Did you struggle with your own transition to motherhood? On this episode of Mind Over Motherhood, I sat down with Betsy Laughter, Life Coach for Moms to talk about the transition to motherhood and how to make it easier.
Prefer to listen rather than read? Head over and listen to Episode 13 of the Mind Over Motherhood Podcast!
Betsy is a Life Coach for New Moms and has been a social worker for the past 20 years, working specifically new and postpartum mothers. I had the pleasure to speak with Betsy about easing the transition to motherhood and how we can best support new moms in this exciting and emotional time.
There are few experiences in life that have the potential to turn your world inside out like becoming a mother and Betsy knows this first-hand.
Betsy has devoted her energy to educating and supporting women as they transition to motherhood with realistic perspectives and a sense of humour. She combines her own experience with that of her 15 years supporting new moms on postpartum units as a social worker to help moms adjust to motherhood.
EASING THE TRANSITION TO MOTHERHOOD WITH BETSY LAUGHTER
“I KEPT WAITING FOR THE RAINBOWS AND UNICORNS.”
Betsy always dreamt of being a mother. As a young girl playing with dolls, she always knew that she wanted to be a mother.
As an adult, she became a social worker and worked with new mothers on postpartum units adjust to new motherhood, to ease their experience with premature birth and navigate the early days of life as parents.
She felt that those experiences had prepared her well for the birth of her own first son, but that was not the case. She recounts the early days of her own transition to motherhood:
“When my son was born, I remember they handed him to me and I looked at him and it just felt, it felt surreal. It did not feel like real life.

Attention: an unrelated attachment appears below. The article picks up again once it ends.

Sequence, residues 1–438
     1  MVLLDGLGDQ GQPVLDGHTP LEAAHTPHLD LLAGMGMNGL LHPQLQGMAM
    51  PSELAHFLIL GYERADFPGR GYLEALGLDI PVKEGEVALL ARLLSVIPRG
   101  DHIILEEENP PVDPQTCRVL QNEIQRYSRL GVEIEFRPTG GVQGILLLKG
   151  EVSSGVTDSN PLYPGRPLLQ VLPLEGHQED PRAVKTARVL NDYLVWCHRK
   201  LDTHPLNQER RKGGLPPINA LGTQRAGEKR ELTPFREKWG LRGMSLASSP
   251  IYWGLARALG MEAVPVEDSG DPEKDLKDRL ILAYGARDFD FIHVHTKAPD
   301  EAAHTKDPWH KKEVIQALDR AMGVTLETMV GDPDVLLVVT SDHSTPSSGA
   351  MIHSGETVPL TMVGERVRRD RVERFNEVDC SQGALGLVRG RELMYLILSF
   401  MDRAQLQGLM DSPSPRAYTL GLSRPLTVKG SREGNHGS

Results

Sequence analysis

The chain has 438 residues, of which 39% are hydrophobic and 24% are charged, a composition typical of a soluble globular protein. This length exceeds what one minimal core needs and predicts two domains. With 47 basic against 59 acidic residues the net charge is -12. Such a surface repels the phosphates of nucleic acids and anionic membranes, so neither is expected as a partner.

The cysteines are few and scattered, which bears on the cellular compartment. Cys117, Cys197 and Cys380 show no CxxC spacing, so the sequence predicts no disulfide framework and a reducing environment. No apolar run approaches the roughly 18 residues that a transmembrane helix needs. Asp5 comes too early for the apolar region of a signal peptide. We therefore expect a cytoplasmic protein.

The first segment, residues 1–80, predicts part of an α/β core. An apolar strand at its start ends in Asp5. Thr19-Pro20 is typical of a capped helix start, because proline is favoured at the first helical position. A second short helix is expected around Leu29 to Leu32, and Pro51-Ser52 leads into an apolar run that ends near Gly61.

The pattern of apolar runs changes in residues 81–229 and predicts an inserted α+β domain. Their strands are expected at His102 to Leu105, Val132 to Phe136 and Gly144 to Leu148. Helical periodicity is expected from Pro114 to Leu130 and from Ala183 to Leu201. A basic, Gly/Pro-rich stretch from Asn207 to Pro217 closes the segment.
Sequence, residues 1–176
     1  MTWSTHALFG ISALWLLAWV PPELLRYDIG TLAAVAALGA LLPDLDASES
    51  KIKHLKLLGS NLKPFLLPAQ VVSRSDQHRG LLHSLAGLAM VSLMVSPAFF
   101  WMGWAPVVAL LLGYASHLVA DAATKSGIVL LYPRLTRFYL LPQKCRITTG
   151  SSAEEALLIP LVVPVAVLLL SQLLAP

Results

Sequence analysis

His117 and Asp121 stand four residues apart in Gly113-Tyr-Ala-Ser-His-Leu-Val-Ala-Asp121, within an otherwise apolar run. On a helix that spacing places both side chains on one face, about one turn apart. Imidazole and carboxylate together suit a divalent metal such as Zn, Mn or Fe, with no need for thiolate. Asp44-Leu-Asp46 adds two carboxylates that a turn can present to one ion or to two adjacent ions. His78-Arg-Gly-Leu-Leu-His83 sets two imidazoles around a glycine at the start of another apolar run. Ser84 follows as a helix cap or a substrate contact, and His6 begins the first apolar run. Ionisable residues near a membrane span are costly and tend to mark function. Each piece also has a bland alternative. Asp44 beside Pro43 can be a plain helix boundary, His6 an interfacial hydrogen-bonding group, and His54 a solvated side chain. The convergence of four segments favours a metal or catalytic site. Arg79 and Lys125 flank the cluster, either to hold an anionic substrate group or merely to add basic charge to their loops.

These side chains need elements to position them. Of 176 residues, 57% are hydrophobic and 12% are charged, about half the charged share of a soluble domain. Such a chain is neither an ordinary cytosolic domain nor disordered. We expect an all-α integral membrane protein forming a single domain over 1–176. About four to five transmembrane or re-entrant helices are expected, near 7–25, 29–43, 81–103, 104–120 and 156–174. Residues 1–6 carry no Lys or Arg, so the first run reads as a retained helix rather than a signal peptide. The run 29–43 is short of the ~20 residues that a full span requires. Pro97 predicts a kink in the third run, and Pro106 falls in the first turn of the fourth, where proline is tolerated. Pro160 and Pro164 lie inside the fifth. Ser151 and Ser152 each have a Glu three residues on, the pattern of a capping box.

You know, I was excited and I was in love with him, but it wasn’t what I had imagined in my mind that it would be like…There were no unicorns or rainbows, which I kept waiting for. “
THE TRANSITION TO MOTHERHOOD: “I CAN’T EVEN REMEMBER A LOT OF THOSE EARLY MONTHS.”
Betsy shares that for months, she didn’t even recognize that her postpartum experience was not “normal.”
“Part of the first couple of months, if you were to ask me what it was like, I don’t remember all of it, just because it was such a cloud, just a fog.
A lot of new moms experience that [of course] because of the sleepless nights, adjusting and all of that. But about nine months after my son was born, I was in a real funk and really struggling just to feel connected to anything in life.
It was my very brave husband who kind of approached me carefully and said, “Something just seems off. You don’t seem like yourself.“
I fortunately did not respond negatively. I actually heard what he said and I realized it was time for me to go and maybe seek some help.
I was never officially diagnosed with postpartum depression or anxiety, but I am certain that that is exactly what I was dealing with.”
Betsy’s story of walking around in a haze, not feeling like herself and not being able to feel joy in her early postpartum period really resonated with me and maybe resonates with you also.
WHEN YOUR TRANSITION TO MOTHERHOOD IS HARDER THAN YOU EXPECTED
Too often, there is a depiction in social and popular media that the early days of the postpartum experience are blissful and full of love, when in reality, it’s often much different.
Both Carly and Betsy reflected on their individual experiences with those initial raw postpartum days.
The reality is that the majority of women are shocked after birth and in the early postpartum months. Betsy and Carly describe this phenomenon as “postpartum shock.”
More often than not, those first few months are HARD. Women struggle with loss of their identity, physical pain from recovery from labour, marriage disruption and emotional distress. The experience can be even further complicated if one or both new parents are also struggling with postpartum mental illness.
First-time mothers are often hit the hardest with postpartum shock. Without knowing that this is a common experience, they can easily fall victim to the belief that they alone struggle in motherhood. They may believe that their experience is “wrong” or that they are “not able to hack it” as a new mom.